Any promise of a successfully diversified economy will remain a hype so long as inflation and CBN’s monetary policy rate remains untamed above three per cent respectively. Furthermore, the Naira purchasing value will inevitably also contract and induce weaker exchange rates for as long as these strategic monetary policy indices remain out of gear.

In fact, power supply will also remain a challenge so long as the very low tariffs induced by a weak Naira exchange rate and prevailing high cost of funds challenge the survival of the privatised erstwhile PHCN subsidiaries. Similarly, corruption will be hard to restrain so long as the economy remains persistently suffocated with excess Naira supply which facilitates the stealing of public funds.

Incidentally, the CBN and the Monetary Policy Committee cannot hastily dismiss the above observations, as the application of strategic policy instruments have evidently failed to tame the ‘invisible’ demon of eternally surplus cash in the economy; clearly, high inflation and interest rates, as well as increasingly weaker Naira exchange rates are ravaging monsters unleashed by what is innocuously described as excess liquidity. Yet, the plausible recommendation that would minimize excess cash supply and positively transforms our economic fortunes is inexplicably scorned by the CBN as unconstitutional.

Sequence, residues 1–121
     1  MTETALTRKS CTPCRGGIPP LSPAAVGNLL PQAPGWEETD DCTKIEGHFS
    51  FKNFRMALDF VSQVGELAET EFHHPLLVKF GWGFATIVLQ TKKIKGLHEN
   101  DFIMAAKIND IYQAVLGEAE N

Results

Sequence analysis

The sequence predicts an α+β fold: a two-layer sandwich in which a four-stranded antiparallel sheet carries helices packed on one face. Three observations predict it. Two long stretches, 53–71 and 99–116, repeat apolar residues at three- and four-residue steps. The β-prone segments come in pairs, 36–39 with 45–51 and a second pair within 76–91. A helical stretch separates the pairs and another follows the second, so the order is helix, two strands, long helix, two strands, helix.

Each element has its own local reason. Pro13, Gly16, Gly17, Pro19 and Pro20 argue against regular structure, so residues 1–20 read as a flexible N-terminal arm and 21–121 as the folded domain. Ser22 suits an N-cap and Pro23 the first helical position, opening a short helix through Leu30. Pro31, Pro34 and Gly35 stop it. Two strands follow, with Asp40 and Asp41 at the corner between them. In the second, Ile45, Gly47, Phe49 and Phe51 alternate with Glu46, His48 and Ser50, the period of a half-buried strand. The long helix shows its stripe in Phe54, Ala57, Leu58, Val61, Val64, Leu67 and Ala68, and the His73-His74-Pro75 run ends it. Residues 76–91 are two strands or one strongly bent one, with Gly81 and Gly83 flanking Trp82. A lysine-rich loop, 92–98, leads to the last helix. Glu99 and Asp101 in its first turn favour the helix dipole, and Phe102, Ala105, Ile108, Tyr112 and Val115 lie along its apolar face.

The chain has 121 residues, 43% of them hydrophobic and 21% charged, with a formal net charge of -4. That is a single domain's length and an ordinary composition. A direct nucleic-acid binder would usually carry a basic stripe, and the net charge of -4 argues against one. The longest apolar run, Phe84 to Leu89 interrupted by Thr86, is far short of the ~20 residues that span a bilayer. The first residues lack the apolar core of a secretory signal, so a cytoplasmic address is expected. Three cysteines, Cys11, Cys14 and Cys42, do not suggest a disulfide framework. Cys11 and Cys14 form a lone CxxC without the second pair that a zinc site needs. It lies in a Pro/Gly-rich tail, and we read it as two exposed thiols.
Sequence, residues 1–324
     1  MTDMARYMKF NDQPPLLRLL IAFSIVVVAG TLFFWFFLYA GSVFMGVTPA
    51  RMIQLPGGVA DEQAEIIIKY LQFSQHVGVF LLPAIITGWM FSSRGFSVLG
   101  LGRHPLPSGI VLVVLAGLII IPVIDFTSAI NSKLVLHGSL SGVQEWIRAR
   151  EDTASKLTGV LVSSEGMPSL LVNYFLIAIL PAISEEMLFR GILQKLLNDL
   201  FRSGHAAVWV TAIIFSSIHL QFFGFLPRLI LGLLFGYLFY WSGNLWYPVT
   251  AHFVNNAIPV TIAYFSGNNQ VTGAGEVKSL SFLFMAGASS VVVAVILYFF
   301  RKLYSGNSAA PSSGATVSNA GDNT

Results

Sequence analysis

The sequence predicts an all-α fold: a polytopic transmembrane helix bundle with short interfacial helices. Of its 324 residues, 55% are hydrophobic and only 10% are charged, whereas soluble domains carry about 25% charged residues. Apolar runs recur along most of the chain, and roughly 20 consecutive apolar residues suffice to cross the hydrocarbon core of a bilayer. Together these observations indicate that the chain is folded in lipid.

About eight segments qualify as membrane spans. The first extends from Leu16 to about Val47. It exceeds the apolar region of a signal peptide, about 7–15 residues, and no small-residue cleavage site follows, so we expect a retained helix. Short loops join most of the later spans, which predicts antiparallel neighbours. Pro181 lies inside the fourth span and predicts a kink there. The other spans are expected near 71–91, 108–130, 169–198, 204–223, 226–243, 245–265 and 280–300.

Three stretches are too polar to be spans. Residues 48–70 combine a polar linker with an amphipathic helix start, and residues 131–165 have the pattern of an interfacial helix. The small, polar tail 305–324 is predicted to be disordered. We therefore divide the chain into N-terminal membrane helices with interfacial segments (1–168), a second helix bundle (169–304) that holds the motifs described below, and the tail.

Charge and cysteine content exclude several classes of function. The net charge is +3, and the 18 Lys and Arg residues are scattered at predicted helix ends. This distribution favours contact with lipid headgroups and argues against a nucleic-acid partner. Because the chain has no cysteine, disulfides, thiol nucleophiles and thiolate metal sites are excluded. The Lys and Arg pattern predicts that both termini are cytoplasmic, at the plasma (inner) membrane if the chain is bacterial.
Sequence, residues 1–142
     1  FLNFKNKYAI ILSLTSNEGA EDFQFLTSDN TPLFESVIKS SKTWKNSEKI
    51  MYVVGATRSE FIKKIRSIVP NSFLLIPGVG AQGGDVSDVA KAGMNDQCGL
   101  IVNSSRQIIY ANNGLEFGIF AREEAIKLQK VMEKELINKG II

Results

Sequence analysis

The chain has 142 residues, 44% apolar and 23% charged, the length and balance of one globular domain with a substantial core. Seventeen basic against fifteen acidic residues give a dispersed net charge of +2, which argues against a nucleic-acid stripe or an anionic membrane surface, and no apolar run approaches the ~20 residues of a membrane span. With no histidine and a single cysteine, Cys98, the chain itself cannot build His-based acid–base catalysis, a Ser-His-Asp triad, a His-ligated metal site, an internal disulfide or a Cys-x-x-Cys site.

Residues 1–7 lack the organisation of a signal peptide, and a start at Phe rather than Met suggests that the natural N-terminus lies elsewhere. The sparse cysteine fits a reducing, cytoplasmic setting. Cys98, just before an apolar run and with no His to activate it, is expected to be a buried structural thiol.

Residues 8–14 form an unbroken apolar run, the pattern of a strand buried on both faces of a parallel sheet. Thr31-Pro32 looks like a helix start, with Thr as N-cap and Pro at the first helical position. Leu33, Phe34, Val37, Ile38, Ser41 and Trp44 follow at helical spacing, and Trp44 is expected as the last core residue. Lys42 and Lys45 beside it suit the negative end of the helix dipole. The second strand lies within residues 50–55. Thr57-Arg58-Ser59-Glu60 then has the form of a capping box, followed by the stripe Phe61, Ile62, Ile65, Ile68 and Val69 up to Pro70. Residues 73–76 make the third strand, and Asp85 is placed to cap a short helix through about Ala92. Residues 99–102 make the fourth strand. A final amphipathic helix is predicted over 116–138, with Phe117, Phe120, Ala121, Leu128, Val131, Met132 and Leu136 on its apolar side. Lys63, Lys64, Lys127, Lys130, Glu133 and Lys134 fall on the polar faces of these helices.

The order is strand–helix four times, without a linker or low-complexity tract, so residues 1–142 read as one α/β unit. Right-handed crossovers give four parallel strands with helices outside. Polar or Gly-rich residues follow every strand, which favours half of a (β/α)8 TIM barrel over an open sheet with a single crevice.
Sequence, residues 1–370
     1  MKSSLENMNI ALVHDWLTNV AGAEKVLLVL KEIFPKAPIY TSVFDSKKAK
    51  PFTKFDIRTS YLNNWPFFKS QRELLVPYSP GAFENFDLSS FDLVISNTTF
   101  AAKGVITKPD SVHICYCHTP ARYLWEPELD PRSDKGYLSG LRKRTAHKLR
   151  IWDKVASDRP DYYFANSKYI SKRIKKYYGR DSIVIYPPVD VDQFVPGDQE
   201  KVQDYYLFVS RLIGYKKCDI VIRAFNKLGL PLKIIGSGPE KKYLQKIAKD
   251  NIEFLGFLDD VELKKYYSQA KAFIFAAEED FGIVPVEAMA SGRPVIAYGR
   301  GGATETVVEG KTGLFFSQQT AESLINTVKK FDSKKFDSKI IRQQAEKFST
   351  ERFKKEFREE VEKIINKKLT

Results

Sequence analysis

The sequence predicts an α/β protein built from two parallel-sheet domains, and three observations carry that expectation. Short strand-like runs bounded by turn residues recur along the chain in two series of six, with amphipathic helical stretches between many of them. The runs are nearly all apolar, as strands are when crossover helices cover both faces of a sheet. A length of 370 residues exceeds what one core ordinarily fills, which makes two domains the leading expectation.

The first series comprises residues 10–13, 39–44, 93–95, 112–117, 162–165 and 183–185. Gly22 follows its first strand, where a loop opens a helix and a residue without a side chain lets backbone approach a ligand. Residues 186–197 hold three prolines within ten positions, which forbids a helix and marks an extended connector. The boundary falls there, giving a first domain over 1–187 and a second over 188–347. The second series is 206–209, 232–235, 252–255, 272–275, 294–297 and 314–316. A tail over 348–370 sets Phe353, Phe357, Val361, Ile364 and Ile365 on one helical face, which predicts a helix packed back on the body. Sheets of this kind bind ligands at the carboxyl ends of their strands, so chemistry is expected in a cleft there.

Paradoxically, in August 2007, after over five years denial, the CBN unexpectedly made a strategy somersault when it belatedly embraced the recommendation that allocations of crude export revenue should be made in the currency in which it was earned. The CBN belatedly recognized that this approach would successfully remove the poison of eternally surplus cash in the economy and rapidly bring down inflation and interest rates, while the Naira exchange rate would also improve to make fuel subsidy payment unnecessary.